Raising awareness of this ultra-rare disorder is now more important than ever.
The possibility of gene therapies offers new hope for patients and families impacted by rare disorders like AADC deficiency. Yet because it is so rare and its symptoms are similar to those of other neurological conditions, AADC deficiency is often misdiagnosed, or goes undiagnosed for months to years.
It is estimated that there are only 1800 living patients with AADC deficiency worldwide.
To drive patient identification, we developed a campaign that clearly communicates symptoms and the proper path to diagnosis.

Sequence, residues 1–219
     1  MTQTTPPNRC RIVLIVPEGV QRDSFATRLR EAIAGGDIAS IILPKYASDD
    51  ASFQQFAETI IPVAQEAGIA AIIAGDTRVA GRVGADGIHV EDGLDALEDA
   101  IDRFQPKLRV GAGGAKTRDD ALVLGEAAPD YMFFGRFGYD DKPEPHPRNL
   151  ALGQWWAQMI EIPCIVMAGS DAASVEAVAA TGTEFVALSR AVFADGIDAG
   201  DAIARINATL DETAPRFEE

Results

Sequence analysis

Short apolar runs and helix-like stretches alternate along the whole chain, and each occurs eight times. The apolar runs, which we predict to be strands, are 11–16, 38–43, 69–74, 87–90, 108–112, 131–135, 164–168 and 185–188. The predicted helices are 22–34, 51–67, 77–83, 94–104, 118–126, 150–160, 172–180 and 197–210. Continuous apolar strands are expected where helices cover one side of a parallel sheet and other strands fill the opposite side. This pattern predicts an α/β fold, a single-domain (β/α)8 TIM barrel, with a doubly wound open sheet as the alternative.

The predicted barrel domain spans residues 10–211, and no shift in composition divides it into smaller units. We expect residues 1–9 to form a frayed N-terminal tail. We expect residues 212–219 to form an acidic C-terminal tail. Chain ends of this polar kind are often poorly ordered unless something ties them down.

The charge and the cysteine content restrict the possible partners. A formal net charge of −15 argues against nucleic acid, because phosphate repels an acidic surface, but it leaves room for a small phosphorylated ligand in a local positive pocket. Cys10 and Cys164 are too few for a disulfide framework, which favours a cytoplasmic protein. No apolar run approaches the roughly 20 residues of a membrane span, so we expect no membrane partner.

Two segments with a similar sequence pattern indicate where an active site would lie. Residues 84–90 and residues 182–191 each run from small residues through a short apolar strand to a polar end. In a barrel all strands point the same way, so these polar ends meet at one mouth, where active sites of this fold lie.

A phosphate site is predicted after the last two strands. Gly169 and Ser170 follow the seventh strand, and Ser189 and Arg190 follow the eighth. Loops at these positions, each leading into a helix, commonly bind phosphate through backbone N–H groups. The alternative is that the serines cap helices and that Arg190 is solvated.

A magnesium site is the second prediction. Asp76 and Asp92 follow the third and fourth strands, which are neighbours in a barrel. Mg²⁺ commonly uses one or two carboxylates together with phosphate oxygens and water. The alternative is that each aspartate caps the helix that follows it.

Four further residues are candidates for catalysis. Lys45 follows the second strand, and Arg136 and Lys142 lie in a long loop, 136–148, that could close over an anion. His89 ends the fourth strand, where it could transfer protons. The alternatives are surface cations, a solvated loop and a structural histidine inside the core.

A hallmark symptom of AADC deficiency is hypotonia, often referred to as “floppy baby syndrome.” The campaign suggests through the use of a doll how this symptom typically looks in a child who presents.
In rare diseases, finding real-life patients to feature in a campaign can be challenging. Using a doll to depict hypotonia creates intrigue and accurately represents how this hallmark symptom presents in children with AADC deficiency.
An integral component of the campaign was the development of educational websites for both healthcare professionals and caregivers. These websites contain content, downloadable resources, and videos to assist in patient identification and provide the steps to proper diagnosis.
Our hope is this campaign enables as many patients as possible to be identified and ultimately treated when therapy becomes available.